|Title:||M. Smyth, Ontario, to J. J. Smyth, Co Tyrone|
|Collection||Irish Emigration Database|
|Sender Religion||Protestant (Presbyterian)|
|Destination||Castledamph, Co. Tyrone, N.Ireland|
|Recipient||Smyth, Eliza C.|
|Source||Copyright Retained by Mr & Mrs J Smyth, Castledamph, Plumbridge, Co Tyrone, email@example.com|
|Archive||Mr & Mrs J Smyth|
July 22nd. 02
Rec.[Received?] your letter of the 6th. 9th.
10th. and 11th. and I was glad to get it it contained
so much news that I wanted to hear.
You know I want to hear every little thing that passes.
Well I suppose before this letter reaches you you will
have heard from Bella that I succeeded in passing my
exam. but I did not pass with honors nor no one
expected me either as I had no chance only going for
five months and subjects that I never had taken
before. I am waiting to [until?] I get a paper to send
you with the account of it in it.
I suppose in a few more days I will be getting
all the news about the twelfth. You will see by Bella's
letter how I spent the day nothing like last twelfth
anyway. I am sure Bella must have thought it strange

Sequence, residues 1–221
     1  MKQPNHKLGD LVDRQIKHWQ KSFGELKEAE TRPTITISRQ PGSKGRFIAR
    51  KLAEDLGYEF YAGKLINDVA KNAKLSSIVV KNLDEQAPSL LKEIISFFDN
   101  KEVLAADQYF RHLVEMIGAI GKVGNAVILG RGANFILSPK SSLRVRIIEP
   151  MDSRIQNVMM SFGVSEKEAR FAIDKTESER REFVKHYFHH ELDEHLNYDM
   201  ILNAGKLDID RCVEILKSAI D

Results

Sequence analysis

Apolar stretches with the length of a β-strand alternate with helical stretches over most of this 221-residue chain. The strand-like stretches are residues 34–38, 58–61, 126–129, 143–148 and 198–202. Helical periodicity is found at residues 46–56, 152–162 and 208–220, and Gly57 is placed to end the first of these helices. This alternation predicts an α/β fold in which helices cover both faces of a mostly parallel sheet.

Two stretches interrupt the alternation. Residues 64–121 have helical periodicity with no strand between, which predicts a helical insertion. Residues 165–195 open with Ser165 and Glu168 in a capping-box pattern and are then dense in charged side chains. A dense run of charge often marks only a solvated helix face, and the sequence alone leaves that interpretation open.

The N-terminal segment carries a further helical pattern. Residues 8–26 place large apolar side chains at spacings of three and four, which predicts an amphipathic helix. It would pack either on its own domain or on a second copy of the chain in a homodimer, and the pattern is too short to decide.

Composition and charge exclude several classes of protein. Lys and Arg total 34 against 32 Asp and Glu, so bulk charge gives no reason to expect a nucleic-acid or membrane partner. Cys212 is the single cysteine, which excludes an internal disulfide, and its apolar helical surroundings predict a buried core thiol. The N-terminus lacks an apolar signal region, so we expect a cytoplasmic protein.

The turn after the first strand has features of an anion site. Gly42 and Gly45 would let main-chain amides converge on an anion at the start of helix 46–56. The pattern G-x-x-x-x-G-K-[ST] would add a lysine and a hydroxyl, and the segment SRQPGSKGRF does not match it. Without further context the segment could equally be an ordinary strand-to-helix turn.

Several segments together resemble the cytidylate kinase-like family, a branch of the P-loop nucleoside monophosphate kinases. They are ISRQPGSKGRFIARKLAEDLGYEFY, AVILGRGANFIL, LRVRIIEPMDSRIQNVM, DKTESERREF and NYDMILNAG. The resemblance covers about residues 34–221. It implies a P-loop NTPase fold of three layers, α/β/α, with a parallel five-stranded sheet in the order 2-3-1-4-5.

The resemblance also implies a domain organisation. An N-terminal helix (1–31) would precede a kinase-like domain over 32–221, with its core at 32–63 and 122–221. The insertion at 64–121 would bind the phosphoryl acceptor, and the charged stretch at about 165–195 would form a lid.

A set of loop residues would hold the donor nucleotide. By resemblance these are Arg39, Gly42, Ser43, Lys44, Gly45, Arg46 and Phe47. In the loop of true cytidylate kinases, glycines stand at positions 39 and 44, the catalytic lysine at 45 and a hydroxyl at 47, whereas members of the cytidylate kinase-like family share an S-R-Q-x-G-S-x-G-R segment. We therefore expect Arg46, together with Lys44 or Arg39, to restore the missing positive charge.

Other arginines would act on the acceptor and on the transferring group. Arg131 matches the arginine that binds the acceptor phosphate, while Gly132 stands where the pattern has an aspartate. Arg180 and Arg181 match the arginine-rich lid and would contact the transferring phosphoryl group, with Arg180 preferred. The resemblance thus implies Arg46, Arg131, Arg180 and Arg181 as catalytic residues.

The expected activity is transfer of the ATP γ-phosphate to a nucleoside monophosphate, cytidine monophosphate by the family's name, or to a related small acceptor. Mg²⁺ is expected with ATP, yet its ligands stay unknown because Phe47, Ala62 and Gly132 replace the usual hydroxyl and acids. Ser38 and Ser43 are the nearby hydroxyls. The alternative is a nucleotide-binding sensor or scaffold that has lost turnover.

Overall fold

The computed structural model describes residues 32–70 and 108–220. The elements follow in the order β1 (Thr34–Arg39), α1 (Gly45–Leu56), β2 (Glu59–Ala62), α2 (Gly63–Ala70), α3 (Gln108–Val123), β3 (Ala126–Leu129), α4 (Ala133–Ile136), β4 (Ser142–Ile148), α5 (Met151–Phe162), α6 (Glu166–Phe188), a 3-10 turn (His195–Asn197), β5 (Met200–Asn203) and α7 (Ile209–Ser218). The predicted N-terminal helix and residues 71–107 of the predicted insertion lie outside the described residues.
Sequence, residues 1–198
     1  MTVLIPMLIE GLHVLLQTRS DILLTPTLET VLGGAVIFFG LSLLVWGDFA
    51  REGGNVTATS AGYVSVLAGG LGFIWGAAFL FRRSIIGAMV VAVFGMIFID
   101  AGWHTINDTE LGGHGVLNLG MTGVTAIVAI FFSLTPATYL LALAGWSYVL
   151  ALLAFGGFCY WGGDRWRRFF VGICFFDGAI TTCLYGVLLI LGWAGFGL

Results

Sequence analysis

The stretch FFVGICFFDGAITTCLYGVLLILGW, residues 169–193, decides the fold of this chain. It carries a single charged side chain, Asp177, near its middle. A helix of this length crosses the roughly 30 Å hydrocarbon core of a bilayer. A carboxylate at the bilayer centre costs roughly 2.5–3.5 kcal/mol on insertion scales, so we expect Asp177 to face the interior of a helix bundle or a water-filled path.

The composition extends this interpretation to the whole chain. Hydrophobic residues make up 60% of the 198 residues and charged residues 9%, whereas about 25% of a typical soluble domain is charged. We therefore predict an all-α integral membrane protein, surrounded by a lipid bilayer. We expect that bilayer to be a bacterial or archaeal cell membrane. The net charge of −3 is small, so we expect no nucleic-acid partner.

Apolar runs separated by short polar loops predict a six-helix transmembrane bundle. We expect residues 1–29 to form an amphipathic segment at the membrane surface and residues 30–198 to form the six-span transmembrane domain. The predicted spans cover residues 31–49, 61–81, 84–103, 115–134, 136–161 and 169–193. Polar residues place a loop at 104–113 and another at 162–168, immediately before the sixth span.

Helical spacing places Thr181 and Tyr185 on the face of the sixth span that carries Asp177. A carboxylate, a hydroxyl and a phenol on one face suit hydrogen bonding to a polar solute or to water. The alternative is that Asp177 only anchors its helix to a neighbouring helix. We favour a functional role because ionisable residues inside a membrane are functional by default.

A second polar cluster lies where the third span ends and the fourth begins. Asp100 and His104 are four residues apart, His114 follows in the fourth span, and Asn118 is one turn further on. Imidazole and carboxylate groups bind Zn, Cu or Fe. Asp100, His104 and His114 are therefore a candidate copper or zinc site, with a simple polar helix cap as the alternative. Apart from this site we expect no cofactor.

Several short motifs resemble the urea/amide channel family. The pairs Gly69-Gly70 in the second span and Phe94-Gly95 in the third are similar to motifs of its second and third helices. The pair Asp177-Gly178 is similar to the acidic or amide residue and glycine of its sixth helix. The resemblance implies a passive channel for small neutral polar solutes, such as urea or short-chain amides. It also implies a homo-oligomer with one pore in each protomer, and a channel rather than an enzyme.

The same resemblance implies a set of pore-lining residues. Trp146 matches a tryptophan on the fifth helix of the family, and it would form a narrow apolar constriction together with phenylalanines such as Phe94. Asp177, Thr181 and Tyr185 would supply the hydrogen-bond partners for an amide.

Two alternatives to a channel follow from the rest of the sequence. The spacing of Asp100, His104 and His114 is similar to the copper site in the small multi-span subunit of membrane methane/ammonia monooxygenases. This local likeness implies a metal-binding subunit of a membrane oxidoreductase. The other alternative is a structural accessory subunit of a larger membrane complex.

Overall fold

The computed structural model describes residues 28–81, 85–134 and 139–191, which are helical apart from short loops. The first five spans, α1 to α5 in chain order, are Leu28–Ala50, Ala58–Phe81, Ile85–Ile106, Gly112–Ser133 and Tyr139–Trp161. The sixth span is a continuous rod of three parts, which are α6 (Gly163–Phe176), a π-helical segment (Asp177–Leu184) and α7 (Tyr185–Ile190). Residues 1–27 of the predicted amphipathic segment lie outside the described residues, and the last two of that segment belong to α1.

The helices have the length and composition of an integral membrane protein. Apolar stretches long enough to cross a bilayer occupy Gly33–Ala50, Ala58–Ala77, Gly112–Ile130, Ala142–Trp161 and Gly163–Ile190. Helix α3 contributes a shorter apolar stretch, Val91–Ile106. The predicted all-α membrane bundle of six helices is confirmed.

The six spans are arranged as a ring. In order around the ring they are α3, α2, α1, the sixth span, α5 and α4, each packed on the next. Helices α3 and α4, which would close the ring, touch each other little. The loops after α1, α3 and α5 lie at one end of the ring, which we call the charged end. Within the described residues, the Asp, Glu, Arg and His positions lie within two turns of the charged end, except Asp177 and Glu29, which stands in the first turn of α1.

besides other years. Did James Barker come home
Well I would have liked to have seen Willie
MacK. I remember the evg.[evening] he was there
last year. I suppose he does not visit the Plum
[Plumbridge?] much now. I think that house
is as much changed as any.
Isabella McCrenor [McCreanor?] is still on foot
and Catherine. I used to always like her to come
in especially in dull times
What is Liza Noble going home again for I
must have plenty of money to spare.
Well Bell & I were away yest.[yesterday?]
picking raspberries about seven miles from here
she payed a $1.50 for [there?] about and
picked them ourselves. There was about 30
there altogether picking, men & women. So
you see how the people has to get all the fruit
that they use here. And over there the berries
are not appreciated atall [at all?]. We left
here at 8’o clock and returned again at
8’o clock at night. Cass & Bell were out at
the same place picking cherries last week.
The man we got them from has nothing hardly
but fruit but this year is very bad on him
it is so wet. He was telling us yesterday
that he lost $100 worth on Friday and
Saturday of berries on account of it raining
they could not get picking and a good many
fell off the bushes.
If you would just see how much fruit that
Bell has stored away now and then she has the
apples, peaches, pears, plums and grapes to
The people here could not live without
Sunday was wet and I did not get out all
day till night we went to church. Uncle cut
some of his hay last week before the rain and
did not get it in and he says now that it is
rotten. This day looks as if it is going to
Jim has not came down yet and I dont see
what he is staying in Essex for paying his board
and doing nothing Uncle has a man or rather had
him when it was dry and was paying him $2 a day
= 8/= so Jim, might as well be down here earning
it as not but he just don’t want to work.